Spave (SPAYV) v. Spending money in order to save money by purchasing items at less than their retail cost. Spaver n.
Spaving means “spending to save.” In other words, you’re spending money now in order to save money in the future. This may be by buying needed items on sale, using a coupon, or submitting a rebate. You may not need the item right this instant, buy you buy it because you can get it cheaper now than when you’ll need it.
Generally, I’m all for spaving. If I can save $2.00 on shampoo if I buy it today I’ll do it, even though I might not need it for a few more weeks. If I know my kid wants a certain toy for Christmas and I see a deal on it in July, I’ll buy it and put it away. The danger comes when people spave on things they don’t need, can’t afford, or that are of poor quality (or all three), just to say they “saved” money.
Spaving happens all year, but it gets worse during the holidays as the lure of the “bargain” tempts people to buy things they don’t need and can’t afford, just because it’s such a great deal. Look at Black Friday. How much of the shopping done that day is because the items are truly needed for gifts or holiday preparations and how much is done to get in on the deals? Spavers get all excited about “saving” money on Christmas decorations, for example, that they have no room or use for but doggone it, they saved money by buying them on sale! Wouldn’t they have been better off not buying them at all and “saving” the money in a high interest account?
I know two people who have just about spaved themselves into financial ruin. Neither can resist a sale price, even if it’s something that they don’t need or particularly want. They say, “Oh, but it’s such a great deal, I know I can find someone to give it to.” Or, “Well, I don’t need it now, but maybe someday.” Someday they’ll entertain more, or cook more, or craft more, or lose twenty pounds and fit into those pants. These spavers are constantly telling anyone who’ll listen how broke they are, how they don’t have money saved for retirement or the kid’s college, and how they don’t have money for the bills this month. They have no money to spare yet, every week, they are reading the sale flyers and trawling the clearance racks at Target looking for a deal on something, convinced they are saving money by buying items on sale. They have huge stockpiles of stuff, representing thousands of dollars, for use “someday” sitting unused in their houses. If they hadn’t bought all that stuff, convinced it was a great deal, those thousands of dollars would be available to pay the bills. They’ve spaved their future right down the drain.
So when does spaving cost you more than it saves? The first indicator that spaving might not be saving you money is if the deal is on something you don’t have a specific purpose for. If you’re not buying it to fill a need, or with a specific recipient and/or occasion in mind, you’re probably better off leaving the item until you can come up with a definitive purpose for it. By the time you decide to take up cooking or crafting, or the kid is old enough to wear that shirt, or there’s a birthday party where a kid wants a particular toy, the item will probably be obsolete and there will be deals on better, newer items. Keep your money until then. Most things bought because they will be needed “someday” are dumped in a spare closet somewhere and only discovered when it’s yard sale time.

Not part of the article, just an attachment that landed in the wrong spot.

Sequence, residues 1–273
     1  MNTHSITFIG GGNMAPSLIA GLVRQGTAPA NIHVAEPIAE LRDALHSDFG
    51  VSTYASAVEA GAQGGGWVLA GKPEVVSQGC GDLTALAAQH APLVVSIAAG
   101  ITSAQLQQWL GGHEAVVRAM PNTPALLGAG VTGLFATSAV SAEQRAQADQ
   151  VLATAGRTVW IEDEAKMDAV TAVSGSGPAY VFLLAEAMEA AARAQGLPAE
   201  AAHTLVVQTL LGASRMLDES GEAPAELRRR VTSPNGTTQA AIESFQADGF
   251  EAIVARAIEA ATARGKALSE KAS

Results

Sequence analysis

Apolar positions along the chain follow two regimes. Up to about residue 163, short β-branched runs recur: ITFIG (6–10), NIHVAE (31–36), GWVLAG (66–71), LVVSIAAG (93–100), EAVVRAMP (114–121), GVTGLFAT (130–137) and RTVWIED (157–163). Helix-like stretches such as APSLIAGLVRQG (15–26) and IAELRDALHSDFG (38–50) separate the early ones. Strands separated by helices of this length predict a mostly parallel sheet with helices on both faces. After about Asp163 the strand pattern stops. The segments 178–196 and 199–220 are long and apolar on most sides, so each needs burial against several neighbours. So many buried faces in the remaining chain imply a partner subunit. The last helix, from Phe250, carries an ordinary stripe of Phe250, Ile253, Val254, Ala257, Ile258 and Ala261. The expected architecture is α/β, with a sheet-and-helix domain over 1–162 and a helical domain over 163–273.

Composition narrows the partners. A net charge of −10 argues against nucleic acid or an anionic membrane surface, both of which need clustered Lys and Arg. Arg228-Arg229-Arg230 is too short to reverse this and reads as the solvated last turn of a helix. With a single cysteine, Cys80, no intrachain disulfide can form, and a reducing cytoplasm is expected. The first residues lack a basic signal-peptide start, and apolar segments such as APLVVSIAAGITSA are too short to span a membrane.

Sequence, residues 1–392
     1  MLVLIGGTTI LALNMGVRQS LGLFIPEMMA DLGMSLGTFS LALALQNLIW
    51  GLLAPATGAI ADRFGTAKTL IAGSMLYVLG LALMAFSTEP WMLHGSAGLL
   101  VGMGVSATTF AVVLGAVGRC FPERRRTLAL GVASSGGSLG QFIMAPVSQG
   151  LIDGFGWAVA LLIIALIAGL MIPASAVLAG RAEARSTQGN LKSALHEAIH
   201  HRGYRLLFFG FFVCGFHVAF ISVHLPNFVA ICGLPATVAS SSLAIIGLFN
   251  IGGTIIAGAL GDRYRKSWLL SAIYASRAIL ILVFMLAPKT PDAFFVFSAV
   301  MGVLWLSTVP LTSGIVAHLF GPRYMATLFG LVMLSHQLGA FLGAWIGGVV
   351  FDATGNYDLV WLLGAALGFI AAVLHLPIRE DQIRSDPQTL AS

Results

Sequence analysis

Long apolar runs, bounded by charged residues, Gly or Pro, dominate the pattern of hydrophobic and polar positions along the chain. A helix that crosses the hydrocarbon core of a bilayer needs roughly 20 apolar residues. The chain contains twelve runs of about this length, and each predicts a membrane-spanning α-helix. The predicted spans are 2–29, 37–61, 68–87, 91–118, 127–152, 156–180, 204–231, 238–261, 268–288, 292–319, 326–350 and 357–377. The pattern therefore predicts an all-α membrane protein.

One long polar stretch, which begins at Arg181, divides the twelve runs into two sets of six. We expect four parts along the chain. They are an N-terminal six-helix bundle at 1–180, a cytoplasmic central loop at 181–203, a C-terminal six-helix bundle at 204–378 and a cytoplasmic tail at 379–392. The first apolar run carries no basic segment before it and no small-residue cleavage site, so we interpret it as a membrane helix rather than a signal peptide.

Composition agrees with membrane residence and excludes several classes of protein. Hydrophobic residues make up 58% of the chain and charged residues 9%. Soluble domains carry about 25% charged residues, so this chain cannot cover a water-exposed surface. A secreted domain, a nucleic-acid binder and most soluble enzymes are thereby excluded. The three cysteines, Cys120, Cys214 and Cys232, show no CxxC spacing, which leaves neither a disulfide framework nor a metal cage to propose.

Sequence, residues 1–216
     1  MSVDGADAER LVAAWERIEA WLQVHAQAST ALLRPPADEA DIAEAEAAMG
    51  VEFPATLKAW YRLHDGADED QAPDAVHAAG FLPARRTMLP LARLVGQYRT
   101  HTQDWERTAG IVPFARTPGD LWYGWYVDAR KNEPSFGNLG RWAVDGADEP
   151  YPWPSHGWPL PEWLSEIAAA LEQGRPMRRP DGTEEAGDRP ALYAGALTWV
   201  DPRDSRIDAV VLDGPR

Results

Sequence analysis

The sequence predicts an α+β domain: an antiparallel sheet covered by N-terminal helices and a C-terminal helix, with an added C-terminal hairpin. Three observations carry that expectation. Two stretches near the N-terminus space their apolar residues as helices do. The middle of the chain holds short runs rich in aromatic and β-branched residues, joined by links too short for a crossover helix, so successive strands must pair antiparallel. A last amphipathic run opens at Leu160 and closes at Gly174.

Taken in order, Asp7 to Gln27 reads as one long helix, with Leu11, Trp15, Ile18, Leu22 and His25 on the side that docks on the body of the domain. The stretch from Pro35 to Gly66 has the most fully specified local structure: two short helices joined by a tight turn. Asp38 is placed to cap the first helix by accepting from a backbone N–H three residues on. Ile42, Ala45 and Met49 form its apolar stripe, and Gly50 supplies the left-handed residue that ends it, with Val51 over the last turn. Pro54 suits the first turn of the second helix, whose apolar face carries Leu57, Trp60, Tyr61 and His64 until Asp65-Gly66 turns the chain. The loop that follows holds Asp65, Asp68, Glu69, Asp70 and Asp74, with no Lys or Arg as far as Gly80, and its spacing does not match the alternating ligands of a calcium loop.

Spaving is not saving you money if you can’t afford the item at any price, particularly when the item is a “want.” If you can’t pay your bills or are deeply in debt, then 50% off a television for the addition you plan to build someday is still not a good deal. That TV would only be a good deal if they gave it to you. You need to take care of your needs first, then you can look for deals on the things you want. Spaving only works when you can afford to put your money towards “extra” items, whether they’re wants or needs. If you can’t afford your mortgage, you don’t need to be buying anything beyond the bare minimum necessary to get by until you’re on sounder financial footing.
Spaving doesn’t work if you can’t afford to tie your money up in things you can’t use immediately. If you have a small or unpredictable income, you are likely to need ready cash more than deals. This means you shouldn’t have a lot of money tied up in gifts for occasions that are six months away, clothes that can’t be worn until next summer, or fifty packs of toilet paper. Even it’s a great deal, you need to wait and look for deals closer to when you actually need an item and resist tying up money in future needs and wants. Liquid cash is more important than a stockpile of gifts for people you haven’t even met yet.
Spaving can save you money if you spave wisely, or it can ruin you. If you can afford to buy items on sale, ahead of your needs, you can dodge some price increases and get good deals on the items you use. You can keep a stockpile of items bought at reduced prices to get you through an emergency or to give as last minute gifts. You’ll buy less at full retail price because you have planned ahead wisely and spent money to save money when it made the most sense. Awareness of your true financial picture, how much money you have available to spend on future needs, and a clear idea of those future needs, are the keys to spaving wisely and well.
Image courtesy of Auntie P